Cooling System Service
As we mentioned, it’s best to start fresh with a project car that has an unknown history. If you spot a coolant leak, you know you need to do this anyway, but even if you don’t, it’s a good idea. With my beaters and project cars, I tackle everything that could usually put my car on the side of the road upfront just for the peace of mind, especially when a cooling system refresh kit isn’t a huge expense. A new thermostat, water pump, drive belt, coolant hoses, and temperature sensor go a long way in old cars and ensure that everything in that system is working as it should. Of course, you can also add a new radiator or electric fan with that for a total overhaul, but I wouldn’t recommend going with the scorched-earth approach here unless you know the radiator is blocked/leaking or the fan is broken.
This should be as-needed. Suspension bushings last a long time, but not forever. The boots on ball joints in control arms and tie rods are the same way. Just make sure you inspect everything for oxidation in the rubber or deterioration. If you do spot something that seems like it’s seen better days or feel some wobbliness in your test drive, a suspension service is in order. Fortunately, we have full suspension service kits that include pre-installed ball joints and bushings in many cases to make it a quick and easy job. You may notice we didn’t mention shocks, struts, and top hats here. If you plan to upgrade, a cup kit or set of coilovers will cost about as much as replacement parts in those assemblies, so you’re better off buying what you want on the front end there. If your suspension feels crashy or you can tell you have a blown strut or two, go ahead and upgrade unless your plan is to keep the car stock. We offer all the best suspension manufacturers, like H&R, Bilstein, Koni, BC Racing, and even have our own line of in-house developed Street System coilovers for many popular vehicles.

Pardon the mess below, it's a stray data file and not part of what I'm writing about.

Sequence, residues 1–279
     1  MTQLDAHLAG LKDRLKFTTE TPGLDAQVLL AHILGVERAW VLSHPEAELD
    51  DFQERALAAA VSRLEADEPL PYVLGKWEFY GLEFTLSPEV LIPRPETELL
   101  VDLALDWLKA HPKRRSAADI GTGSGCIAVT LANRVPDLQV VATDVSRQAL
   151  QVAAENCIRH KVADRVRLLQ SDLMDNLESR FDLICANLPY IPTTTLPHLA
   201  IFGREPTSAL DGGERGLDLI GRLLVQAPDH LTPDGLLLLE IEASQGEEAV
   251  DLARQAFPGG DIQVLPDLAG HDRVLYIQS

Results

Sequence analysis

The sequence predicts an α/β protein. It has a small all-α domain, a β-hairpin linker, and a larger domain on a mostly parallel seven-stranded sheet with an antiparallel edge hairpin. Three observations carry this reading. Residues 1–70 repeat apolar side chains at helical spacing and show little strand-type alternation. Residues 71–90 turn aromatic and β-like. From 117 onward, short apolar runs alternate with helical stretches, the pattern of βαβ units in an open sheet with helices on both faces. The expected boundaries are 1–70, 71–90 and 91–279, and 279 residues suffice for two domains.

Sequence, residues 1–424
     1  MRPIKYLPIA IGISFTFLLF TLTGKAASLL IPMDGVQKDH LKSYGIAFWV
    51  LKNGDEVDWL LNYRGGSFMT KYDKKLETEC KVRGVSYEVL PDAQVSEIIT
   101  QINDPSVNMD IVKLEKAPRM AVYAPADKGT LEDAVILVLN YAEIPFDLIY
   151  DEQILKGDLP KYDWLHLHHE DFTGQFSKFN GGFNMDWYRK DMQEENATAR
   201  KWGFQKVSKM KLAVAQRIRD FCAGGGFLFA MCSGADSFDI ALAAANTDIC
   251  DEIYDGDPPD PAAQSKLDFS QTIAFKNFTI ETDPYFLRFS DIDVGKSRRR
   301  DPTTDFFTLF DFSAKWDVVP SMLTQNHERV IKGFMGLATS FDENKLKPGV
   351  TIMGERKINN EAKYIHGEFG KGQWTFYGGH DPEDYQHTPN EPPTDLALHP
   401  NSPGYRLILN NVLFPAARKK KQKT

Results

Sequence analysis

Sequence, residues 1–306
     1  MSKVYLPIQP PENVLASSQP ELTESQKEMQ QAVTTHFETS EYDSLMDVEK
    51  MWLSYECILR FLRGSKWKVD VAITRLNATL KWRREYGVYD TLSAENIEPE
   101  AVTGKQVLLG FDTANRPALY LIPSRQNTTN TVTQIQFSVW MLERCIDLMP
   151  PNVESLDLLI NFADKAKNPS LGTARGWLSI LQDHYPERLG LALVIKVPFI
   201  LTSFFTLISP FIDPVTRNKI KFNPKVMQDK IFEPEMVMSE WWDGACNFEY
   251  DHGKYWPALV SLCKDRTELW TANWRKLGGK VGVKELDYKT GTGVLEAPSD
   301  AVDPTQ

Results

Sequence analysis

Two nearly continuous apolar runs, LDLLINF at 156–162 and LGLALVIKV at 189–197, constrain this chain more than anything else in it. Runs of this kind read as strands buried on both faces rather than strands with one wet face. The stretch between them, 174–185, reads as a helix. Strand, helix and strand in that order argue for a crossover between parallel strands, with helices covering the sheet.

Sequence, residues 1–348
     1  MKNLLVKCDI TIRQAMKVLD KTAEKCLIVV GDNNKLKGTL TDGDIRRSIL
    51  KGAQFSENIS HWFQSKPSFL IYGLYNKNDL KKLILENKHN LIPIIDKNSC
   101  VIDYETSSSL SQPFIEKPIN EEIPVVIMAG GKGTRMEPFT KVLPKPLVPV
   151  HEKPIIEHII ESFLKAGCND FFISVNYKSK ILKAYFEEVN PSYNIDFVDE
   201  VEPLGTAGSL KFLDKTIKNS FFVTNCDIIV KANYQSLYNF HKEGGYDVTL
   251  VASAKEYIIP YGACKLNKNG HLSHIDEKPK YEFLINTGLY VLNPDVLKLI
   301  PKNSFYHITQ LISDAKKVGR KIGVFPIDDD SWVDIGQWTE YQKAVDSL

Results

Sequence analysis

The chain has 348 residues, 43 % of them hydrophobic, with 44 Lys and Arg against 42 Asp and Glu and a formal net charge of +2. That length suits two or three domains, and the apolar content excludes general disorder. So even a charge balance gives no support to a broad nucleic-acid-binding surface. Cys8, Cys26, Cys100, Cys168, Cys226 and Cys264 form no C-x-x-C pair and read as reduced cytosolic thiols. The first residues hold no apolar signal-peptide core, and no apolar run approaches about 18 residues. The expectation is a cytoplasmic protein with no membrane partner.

Details, Details, Details
Alright, not so much in terms of maintenance, but important nonetheless. Washing and detailing your project car’s exterior and interior serves more of a purpose than just making the thing clean. You get to know a vehicle when you go through all the nooks, crannies, and crevices of your car during a detail. It’s often that while cleaning, you’ll spot something that might just be a simple fix or something you’d never notice otherwise, like small door dings, broken trim pieces, faulty seat controls, etc. A full detail will have your car looking less like a project and more like a functional car. (Even if it doesn’t run yet.) Griot’s Garage is my go-to car wash and detailing supplier, which I can’t recommend enough. Grab some of their products, a few wash buckets, and go to town.
While a lot of this may seem obvious, it’s all too easy with a project car to pass over a service because everything seems to work at the moment. I can’t stress it enough that while things may work now, it’s highly likely that something simple and preventable will break due to age or disuse. When a car sits for a long time, they don’t stop aging. In fact, bringing life back to them will likely be the final straw for things like belts, hoses, and mechanical parts that have spent a long time sitting. So, make your life and your project a bit easier with these service kits on the front end rather than prematurely trying to put something back on the road that will likely break if left un-serviced.